Research Study Reports: "Mid-Pacific has a thriving global education program"
Posted on December 18, 2015 by Scot Allen
By Laura Davis
Dr. Christina Hinton, Lecturer at Harvard's Graduate School of Education, recently presented the findings of a global education research study conducted at Mid-Pacific across the 2014-2015 school year. This study is the first published as part of an ongoing relationship between Mid-Pacific and the Harvard Graduate School of Education's International Research Schools Network.
"Mid-Pacific has a thriving global education program," Hinton announced to the faculty gathered in Bakken auditorium. She went into detail to explain how her research team has used cutting-edge research to bolster the program.
Elementary, middle, and high school students took a baseline survey in April 2014 assessing the state of global education at Mid-Pacific. This pre-survey allowed the researchers to identify four areas for growth:
1) Engaging students in schoolwork related to global issues.
2) Encouraging students to learn from culturally diverse peers.
3) Leveraging technology to connect with other students in different parts of the world.
4) Engaging all students in "real world" global actions that benefit a global society.
"Mid-Pacific is committed to using cutting-edge research to inform teaching and learning at their school," said Dr. Christina Hinton, Harvard Graduate School of Education. "Among other initiatives, they have partnered with our research team at Research Schools International (RSI) to carry out collaborative research, professional development, and dissemination of findings. Through this work, they serve as thought leaders that inspire research-based innovations in education."
Striving to improve along the four identified strands, Mid-Pacific teachers took a global education course over the span of four professional development days. Readings and learning activities trained teachers in global understanding, intercultural understanding, and global identity.
"I felt myself making so many connections with my personal life, as an academic, with my responsibilities as a teacher, and my responsibilities as a global citizen," one teacher reported about the course.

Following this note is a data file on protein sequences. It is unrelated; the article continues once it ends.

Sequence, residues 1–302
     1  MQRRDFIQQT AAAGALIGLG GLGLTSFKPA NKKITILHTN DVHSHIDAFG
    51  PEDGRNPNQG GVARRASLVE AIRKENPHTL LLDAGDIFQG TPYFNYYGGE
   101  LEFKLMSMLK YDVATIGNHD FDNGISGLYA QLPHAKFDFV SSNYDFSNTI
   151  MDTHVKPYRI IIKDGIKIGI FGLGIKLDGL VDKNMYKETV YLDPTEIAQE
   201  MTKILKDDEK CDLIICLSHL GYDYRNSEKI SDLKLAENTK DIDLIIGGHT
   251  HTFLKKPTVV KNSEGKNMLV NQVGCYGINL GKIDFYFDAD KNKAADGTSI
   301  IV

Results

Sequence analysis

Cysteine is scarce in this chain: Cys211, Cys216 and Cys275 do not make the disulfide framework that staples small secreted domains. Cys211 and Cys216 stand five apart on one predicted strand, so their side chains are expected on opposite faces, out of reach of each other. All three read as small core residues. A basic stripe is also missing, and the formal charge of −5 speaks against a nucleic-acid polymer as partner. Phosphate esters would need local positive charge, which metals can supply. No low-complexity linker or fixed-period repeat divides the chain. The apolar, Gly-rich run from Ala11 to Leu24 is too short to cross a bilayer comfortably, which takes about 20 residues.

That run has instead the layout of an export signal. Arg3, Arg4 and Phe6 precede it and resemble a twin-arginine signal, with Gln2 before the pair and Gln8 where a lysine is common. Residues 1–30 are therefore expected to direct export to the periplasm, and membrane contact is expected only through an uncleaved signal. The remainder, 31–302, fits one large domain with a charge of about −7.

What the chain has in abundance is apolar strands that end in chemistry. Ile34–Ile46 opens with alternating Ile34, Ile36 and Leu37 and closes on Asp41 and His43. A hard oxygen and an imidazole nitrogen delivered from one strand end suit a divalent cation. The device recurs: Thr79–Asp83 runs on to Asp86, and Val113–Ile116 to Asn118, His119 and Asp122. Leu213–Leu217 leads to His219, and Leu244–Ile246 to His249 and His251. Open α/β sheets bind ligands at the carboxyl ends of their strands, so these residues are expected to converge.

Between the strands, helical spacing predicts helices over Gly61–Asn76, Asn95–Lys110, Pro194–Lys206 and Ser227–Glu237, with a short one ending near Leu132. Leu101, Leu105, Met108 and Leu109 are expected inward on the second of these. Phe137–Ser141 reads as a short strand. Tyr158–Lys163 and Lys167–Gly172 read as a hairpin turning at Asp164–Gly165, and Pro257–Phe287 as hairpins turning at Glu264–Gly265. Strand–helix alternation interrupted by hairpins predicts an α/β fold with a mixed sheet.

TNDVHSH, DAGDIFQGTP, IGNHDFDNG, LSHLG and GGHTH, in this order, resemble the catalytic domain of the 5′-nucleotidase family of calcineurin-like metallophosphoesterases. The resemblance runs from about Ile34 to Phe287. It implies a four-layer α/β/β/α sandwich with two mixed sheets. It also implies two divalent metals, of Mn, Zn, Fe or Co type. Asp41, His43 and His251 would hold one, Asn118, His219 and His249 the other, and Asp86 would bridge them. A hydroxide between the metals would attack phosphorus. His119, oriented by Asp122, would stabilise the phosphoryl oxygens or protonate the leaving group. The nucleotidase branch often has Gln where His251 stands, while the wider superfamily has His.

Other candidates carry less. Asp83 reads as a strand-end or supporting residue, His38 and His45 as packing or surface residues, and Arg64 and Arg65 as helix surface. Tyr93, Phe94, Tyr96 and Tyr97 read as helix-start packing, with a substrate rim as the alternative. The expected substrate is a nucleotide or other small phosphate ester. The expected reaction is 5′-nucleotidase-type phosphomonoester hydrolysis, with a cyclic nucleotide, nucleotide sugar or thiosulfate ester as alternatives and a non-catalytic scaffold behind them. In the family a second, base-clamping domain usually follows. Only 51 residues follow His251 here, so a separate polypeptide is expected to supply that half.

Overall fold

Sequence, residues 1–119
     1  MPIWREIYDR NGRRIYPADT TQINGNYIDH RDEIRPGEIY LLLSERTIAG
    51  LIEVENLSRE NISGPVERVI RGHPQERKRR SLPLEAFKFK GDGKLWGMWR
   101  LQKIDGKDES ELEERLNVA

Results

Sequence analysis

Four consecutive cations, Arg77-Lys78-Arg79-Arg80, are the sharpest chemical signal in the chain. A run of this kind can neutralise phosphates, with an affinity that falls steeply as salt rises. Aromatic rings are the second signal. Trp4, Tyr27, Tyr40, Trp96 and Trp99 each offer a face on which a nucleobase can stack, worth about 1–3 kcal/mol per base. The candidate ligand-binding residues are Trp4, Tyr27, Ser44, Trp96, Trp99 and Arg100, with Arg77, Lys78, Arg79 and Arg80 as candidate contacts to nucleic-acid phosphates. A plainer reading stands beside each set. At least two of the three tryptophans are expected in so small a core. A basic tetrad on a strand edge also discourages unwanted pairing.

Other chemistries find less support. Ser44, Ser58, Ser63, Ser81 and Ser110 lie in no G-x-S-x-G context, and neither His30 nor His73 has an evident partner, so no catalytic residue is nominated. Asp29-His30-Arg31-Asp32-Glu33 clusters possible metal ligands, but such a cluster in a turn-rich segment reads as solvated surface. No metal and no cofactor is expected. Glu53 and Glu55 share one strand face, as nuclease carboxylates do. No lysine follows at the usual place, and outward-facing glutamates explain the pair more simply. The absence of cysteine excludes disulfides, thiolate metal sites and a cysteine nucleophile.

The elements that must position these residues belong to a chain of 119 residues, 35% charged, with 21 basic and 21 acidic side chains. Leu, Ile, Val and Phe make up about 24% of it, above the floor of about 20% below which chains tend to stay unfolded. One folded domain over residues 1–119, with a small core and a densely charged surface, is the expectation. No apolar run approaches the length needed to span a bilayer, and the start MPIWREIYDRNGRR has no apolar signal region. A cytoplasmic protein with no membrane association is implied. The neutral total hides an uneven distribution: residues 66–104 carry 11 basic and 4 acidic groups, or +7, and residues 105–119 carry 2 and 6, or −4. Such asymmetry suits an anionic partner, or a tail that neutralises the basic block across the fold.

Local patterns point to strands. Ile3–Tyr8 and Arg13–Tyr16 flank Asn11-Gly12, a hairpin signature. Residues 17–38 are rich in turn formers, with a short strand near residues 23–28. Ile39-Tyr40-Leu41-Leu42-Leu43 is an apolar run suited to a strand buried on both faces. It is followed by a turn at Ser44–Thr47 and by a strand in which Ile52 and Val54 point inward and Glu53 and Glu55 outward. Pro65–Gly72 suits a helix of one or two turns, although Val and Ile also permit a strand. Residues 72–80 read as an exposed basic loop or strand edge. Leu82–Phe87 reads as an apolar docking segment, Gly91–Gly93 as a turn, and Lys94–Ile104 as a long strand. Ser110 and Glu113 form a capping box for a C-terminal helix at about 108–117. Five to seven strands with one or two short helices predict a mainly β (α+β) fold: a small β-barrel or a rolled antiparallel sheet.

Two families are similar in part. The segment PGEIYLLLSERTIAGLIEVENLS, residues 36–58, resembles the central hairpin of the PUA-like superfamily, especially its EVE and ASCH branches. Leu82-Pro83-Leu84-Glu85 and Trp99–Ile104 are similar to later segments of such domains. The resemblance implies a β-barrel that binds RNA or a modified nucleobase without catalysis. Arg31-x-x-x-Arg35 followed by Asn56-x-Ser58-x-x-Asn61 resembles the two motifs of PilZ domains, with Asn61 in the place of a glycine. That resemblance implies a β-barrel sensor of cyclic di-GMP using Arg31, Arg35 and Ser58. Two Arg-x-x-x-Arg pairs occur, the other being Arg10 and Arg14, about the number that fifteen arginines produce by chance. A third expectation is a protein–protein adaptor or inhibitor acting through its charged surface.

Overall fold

In February 2015 visiting researchers led a workshop helping teachers create plans to implement global education initiatives in their classrooms. "The workshop gave me a new lens in regard to curriculum, interactions, my ignorance, and personal attitude towards education and cultural difference," wrote one teacher in an anonymous workshop evaluation. "It'll have an impact on how I practice professionally and has enlightened me personally."
After teachers integrated their new awareness of global education to daily teaching practices the researchers conducted a follow-up study in May of 2015. "We've seen significant change over that time in the extent to which students are engaged in schoolwork related to other cultures, countries, or global issues, and the extent to which students are engaged in real-world global action," said Hinton.
Hinton closed with tips about how the school might use the study's findings to continue developing the global initiatives. "The school can take full advantage of its multicultural community by providing more opportunities for students to learn about other cultures from their peers," she said, referencing Mid-Pacific's extensive international student population. Mid-Pacific is also invited to "participate in our global exchange program, which connects students in our partner schools around the globe to nurture global awareness, intercultural understanding, perspective taking, and an appreciation of our common humanity."
The partnership with Research School's International will grow and evolve as Mid-Pacific continues to build relationships with international schools in the Pacific region.